Alumni Spotlight: Jim Chandler

Jim is a semi-retired Science teacher. He has worked with teachers and students in many different settings. He lives in Maine, but has been involved with programs, such as Envirothon, that have connected him with students all over the US, Canada, and Australia. Most recently he has worked with teachers and students in Palestine both online and in Palestine. Much of his time in Palestine was done volunteering at the Excellence Center in Hebron.


Why did you pick this program?

I chose the Excellence program because they were in Hebron and had an excellent reputation of supporting their volunteers, helping Palestinians help learn English, and teaching Arabic to their volunteers and exposing them to Palestinian culture. The use of international students from all over the world also greatly enhances the English language instruction and makes discussions between the volunteers very enriching.

What do you tell your friends who are thinking about going abroad?

There is nothing more memorable or enriching than traveling abroad. This is especially true when you volunteer or visit friends abroad. When you do this you really learn about the local culture. These are memories you will always cherish and will enhance your understanding of the world.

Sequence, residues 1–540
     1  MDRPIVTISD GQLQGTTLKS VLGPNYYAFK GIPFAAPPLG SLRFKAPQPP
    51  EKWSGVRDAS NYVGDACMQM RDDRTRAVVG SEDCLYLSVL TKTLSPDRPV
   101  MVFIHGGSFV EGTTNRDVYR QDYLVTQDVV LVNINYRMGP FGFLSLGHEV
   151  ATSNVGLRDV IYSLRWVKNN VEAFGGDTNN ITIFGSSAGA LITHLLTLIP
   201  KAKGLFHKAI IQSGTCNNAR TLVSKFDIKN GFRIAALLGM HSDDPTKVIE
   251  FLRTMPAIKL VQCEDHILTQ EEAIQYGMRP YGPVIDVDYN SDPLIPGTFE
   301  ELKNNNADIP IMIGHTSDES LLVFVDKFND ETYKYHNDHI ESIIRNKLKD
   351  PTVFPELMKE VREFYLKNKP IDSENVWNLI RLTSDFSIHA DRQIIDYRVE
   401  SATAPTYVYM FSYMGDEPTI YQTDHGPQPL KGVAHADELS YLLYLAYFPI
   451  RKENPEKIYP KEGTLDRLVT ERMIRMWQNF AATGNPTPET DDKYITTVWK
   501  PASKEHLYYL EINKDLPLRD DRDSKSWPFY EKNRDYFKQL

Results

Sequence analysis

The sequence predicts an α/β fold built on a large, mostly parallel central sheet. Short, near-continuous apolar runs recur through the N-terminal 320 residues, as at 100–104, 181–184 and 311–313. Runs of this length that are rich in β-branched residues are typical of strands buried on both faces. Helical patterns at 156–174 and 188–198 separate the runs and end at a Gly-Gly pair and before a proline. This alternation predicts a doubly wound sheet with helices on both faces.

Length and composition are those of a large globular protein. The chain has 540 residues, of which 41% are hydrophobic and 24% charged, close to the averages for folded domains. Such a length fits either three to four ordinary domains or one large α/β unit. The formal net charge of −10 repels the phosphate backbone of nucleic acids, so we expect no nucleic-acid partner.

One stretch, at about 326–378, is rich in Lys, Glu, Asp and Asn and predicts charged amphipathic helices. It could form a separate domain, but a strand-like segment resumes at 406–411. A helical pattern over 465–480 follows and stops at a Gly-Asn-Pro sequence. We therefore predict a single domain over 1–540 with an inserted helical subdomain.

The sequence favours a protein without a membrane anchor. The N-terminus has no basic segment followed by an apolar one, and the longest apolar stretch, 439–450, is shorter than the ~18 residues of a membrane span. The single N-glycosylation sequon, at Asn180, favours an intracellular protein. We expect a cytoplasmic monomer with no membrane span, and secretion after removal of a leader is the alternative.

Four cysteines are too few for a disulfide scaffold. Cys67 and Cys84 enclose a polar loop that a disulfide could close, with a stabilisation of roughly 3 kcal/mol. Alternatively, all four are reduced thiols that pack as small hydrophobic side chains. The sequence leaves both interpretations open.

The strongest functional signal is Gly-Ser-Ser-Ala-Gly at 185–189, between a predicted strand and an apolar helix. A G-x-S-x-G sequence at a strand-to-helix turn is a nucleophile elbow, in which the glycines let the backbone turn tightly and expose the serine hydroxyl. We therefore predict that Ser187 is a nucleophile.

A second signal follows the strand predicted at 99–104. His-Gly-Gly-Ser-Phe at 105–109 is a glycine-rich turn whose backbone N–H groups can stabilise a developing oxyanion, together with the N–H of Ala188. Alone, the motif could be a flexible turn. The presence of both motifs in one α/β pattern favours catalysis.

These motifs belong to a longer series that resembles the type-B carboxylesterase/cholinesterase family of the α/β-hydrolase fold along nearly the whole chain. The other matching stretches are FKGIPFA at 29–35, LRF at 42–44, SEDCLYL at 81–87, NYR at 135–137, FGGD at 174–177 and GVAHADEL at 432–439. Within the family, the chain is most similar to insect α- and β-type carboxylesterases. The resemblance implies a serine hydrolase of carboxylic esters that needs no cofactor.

What is one piece of advice you'd give to someone going on your program?

Learn as much as you can about the program and the country and its culture before you visit. Also try to learn as much of the language you can, especially introductory information and basic greetings. Also while you are abroad, never turn down a chance to go on a field trip, or an invitation of a friend. These experiences greatly increase the learning you can do and the connections with your hosts.

What's your favorite story to tell about your time abroad?

Some of my favorite stories are about the adventures you experience abroad. You never know where your travels will take you. One trip I had with a friend led to riding in a taxi run by his uncle, which also stopped to look at some land for a greenhouse, then an emergency stop to the doctor for his son who fell off a tractor, after which we visited an old Ottoman age dwelling along with 2000 year old cave dwellings, after several glasses of tea I danced at a graduation party, and then arrived back home. Such adventures are not uncommon when you travel abroad.

What was the hardest thing about working in a foreign country?

In preparing for a trip abroad beyond the usual things to bring also do not forget to take an open mind, a sense of adventure, a willingness to share and learn new customs, and a playful spirit. Even though I am in my 60's these items always serve me when I travel.